Jimmy Carter was back at the White House waiting for her to join him for the weekly luncheon date. But Rosalynn Carter was off yesterday carrying out one of her husband's mission, representing him at the 50th anniversary celebration of the Inter-American Commission of Women, at the Pan American Union.
"I want to congratulate the commission on its work on women's rights," she said at one point, departing from her prepared text, "because women's rights are human rights.
She was interrupted by applause when, speaking in Spanish, she told the Spanish-speaking audience that "the participation of women in the development process is of vital importance for the communities of the hemisphere if we are going to achieve the goals of equality, development and peace."
The President has his say as well. In a message carried by Rosalynn, he urged that the anniversary be used not only to reflect on the importance of continuing efforts to advance the status of women in the hemisphere "but also to renew our commitment to ensuring equal rights for women in our own country."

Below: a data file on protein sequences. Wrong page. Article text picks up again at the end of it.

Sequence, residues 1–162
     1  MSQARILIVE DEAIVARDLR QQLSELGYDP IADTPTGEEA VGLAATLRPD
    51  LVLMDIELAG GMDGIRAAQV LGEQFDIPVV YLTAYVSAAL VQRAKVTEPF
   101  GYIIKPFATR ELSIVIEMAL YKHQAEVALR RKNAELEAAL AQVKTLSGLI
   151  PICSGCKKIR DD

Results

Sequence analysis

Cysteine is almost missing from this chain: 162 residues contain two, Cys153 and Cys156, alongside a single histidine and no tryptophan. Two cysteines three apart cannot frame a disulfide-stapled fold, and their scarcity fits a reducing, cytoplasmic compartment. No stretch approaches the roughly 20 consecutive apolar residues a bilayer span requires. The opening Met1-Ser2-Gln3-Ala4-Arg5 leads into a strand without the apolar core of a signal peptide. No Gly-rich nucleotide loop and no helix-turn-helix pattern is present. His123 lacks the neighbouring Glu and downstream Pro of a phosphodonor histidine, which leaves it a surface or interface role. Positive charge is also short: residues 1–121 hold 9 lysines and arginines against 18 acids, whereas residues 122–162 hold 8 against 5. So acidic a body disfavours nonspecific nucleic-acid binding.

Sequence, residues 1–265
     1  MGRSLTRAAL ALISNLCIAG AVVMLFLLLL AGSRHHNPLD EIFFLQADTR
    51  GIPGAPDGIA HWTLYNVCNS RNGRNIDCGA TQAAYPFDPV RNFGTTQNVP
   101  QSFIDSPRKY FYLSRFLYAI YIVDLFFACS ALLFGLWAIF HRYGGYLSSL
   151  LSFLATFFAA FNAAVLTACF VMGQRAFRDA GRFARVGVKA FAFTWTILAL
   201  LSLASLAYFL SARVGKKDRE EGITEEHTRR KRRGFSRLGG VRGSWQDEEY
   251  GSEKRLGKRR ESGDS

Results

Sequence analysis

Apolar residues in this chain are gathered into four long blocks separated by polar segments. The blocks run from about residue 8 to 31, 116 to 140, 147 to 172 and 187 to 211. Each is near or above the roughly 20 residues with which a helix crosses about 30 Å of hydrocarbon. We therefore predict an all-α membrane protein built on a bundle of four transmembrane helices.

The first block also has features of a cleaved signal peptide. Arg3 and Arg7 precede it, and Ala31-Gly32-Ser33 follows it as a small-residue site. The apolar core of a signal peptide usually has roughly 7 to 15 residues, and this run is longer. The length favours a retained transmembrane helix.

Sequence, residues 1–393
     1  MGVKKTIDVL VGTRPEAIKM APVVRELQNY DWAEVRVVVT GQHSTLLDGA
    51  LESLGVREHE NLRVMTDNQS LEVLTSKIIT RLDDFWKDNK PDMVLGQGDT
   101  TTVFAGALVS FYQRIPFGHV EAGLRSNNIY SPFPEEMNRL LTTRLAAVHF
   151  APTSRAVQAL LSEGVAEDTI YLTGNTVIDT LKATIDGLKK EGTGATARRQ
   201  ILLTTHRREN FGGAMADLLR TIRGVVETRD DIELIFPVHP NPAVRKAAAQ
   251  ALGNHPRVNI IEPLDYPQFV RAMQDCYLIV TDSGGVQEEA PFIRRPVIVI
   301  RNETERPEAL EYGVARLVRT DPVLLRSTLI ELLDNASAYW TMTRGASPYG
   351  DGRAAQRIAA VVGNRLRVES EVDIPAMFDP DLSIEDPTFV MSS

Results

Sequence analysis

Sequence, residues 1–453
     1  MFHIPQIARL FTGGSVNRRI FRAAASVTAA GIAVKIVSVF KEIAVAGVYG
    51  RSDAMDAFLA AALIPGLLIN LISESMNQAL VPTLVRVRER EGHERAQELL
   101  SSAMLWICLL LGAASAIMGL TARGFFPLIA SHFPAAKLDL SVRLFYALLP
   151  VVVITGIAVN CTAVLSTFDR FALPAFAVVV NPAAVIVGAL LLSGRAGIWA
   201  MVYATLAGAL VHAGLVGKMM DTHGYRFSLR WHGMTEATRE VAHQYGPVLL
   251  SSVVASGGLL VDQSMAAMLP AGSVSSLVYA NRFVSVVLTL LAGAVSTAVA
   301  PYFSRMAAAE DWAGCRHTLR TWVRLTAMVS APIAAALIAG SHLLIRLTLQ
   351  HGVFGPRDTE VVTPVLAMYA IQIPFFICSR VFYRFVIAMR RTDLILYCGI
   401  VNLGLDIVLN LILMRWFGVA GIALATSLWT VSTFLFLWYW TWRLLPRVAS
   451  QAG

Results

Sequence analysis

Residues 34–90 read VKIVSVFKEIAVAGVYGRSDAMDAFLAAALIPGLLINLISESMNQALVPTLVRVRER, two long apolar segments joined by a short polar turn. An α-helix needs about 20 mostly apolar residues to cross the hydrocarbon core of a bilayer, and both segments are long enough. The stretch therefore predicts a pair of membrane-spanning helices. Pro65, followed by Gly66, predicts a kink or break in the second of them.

Other on the program were Ambassador Alfred A. Rattray, president of the Permanent Council of the Organization of American States; Licendiada Gabriela Touchard Lopez of Bolivia, and OAS Secretary General Alejandro Orfila.
The commission was founded at the 6th International Conference of American States in Havana in 1928, and was the first official intergovernmental body created specially to work toward the political and civil rights of women.
Until then, only women in the United States had gained suffrage (1920). Beginning with Ecuador in 1929, voting rights were achieved by women in the other nations of hemisphere, ending with Paraguay in 1961.